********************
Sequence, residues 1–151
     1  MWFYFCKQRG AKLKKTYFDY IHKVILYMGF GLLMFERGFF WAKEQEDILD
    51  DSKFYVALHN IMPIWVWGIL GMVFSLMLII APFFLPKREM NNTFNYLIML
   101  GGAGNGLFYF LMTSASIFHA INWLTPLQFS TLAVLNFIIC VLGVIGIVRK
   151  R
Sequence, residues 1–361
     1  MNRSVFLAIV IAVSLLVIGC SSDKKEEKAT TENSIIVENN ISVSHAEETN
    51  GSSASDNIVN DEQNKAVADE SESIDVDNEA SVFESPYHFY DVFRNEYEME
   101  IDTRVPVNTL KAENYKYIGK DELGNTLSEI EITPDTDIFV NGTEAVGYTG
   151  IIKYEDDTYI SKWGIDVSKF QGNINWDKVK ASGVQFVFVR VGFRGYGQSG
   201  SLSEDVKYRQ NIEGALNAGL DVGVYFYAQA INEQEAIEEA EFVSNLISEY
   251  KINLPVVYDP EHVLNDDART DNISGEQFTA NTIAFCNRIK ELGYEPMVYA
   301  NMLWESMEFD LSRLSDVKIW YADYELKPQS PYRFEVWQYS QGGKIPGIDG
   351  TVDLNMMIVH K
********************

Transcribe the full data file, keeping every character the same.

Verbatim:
Sequence, residues 1–151
     1  MWFYFCKQRG AKLKKTYFDY IHKVILYMGF GLLMFERGFF WAKEQEDILD
    51  DSKFYVALHN IMPIWVWGIL GMVFSLMLII APFFLPKREM NNTFNYLIML
   101  GGAGNGLFYF LMTSASIFHA INWLTPLQFS TLAVLNFIIC VLGVIGIVRK
   151  R
Sequence, residues 1–361
     1  MNRSVFLAIV IAVSLLVIGC SSDKKEEKAT TENSIIVENN ISVSHAEETN
    51  GSSASDNIVN DEQNKAVADE SESIDVDNEA SVFESPYHFY DVFRNEYEME
   101  IDTRVPVNTL KAENYKYIGK DELGNTLSEI EITPDTDIFV NGTEAVGYTG
   151  IIKYEDDTYI SKWGIDVSKF QGNINWDKVK ASGVQFVFVR VGFRGYGQSG
   201  SLSEDVKYRQ NIEGALNAGL DVGVYFYAQA INEQEAIEEA EFVSNLISEY
   251  KINLPVVYDP EHVLNDDART DNISGEQFTA NTIAFCNRIK ELGYEPMVYA
   301  NMLWESMEFD LSRLSDVKIW YADYELKPQS PYRFEVWQYS QGGKIPGIDG
   351  TVDLNMMIVH K